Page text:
With the help of two-photon scattering matrix of in- and out-states, we find that the use of quantum input states in photonic quantum simulators such as those implemented in coupled cavity arrays, allows one to observe not only stronger spectroscopic signals of the underlying strongly correlated states but also a faithful representation of their intensity-intensity correlations, as compared to the conventional classical driving fields. Our analysis can be applied for many-body spectroscopy of any many-body model amenable to a photonic quantum simulation, including the Jaynes-Cummings-Hubbard, the extended Bose-Hubbard, and a whole range of spin models.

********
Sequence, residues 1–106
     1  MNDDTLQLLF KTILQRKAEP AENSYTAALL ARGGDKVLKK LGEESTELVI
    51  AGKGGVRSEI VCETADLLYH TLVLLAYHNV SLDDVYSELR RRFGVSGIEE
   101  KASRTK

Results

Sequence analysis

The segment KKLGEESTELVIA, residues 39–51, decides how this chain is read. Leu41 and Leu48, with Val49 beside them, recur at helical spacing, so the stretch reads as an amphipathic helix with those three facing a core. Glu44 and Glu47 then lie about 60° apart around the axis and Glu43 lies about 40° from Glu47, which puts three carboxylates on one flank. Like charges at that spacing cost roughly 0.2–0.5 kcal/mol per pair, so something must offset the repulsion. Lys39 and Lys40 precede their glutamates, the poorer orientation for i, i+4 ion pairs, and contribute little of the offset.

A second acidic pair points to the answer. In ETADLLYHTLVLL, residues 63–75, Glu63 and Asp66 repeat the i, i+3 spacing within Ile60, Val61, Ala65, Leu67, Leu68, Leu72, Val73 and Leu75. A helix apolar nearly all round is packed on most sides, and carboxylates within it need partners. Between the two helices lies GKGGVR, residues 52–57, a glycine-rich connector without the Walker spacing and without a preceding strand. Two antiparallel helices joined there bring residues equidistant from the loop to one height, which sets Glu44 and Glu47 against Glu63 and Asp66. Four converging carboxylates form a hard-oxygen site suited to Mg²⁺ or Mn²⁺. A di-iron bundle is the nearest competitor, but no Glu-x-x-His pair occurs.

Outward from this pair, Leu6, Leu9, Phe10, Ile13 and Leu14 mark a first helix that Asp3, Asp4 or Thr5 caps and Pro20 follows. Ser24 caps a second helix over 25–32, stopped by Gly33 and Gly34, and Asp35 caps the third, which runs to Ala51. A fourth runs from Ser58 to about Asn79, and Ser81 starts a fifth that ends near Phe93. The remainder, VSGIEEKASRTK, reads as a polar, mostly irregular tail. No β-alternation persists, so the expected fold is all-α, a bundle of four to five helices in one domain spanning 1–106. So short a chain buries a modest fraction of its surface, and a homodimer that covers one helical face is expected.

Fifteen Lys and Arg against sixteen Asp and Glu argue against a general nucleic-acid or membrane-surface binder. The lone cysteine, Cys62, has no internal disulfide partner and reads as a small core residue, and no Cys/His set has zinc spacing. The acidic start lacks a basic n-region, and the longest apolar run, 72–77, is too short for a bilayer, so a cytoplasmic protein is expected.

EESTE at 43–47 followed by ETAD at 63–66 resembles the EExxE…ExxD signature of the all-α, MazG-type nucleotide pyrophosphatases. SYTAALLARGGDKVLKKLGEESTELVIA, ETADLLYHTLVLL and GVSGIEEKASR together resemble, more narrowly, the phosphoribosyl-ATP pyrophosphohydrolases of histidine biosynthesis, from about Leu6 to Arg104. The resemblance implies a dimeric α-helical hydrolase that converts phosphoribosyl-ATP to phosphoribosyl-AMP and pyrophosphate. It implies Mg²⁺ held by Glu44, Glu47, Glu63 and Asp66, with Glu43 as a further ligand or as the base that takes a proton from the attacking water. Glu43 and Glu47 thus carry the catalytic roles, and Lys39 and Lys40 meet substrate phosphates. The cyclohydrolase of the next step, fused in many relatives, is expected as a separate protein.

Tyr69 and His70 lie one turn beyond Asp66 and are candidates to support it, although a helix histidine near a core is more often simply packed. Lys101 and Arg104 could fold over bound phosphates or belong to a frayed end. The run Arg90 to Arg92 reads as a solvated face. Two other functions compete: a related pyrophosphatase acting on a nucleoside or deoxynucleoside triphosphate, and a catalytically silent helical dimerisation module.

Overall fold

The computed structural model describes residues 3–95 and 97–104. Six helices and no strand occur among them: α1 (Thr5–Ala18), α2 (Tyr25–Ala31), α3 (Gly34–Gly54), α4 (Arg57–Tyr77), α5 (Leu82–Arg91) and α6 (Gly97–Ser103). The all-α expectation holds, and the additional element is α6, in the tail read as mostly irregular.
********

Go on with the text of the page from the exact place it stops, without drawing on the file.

We study the quantum transport of multiphoton Fock states in one-dimensional Bose-Hubbard lattices implemented in QED cavity arrays (QCAs). We propose an optical scheme to probe the underlying many-body states of the system by analyzing the properties of the transmitted light using scattering theory. To this end, we employ the Lippmann-Schwinger formalism within which an analytical form of the scattering matrix can be found. The latter is evaluated explicitly for the two-particle, two-site case which we use to study the resonance properties of two-photon scattering, as well as the scattering probabilities and the second-order intensity correlations of the transmitted light. The results indicate that the underlying structure of the many-body states of the model in question can be directly inferred from the physical properties of the transported photons in its QCA realization. We find that a fully resonant two-photon scattering scenario allows a faithful characterization of the underlying many-body states, unlike in the coherent driving scenario usually employed in quantum master-equation treatments. The effects of losses in the cavities, as well as the incoming photons’ pulse shapes and initial correlations, are studied and analyzed. Our method is general and can be applied to probe the structure of any many-body bosonic model amenable to a QCA implementation, including the Jaynes-Cummings-Hubbard model, the extended Bose-Hubbard model, as well as a whole range of spin models.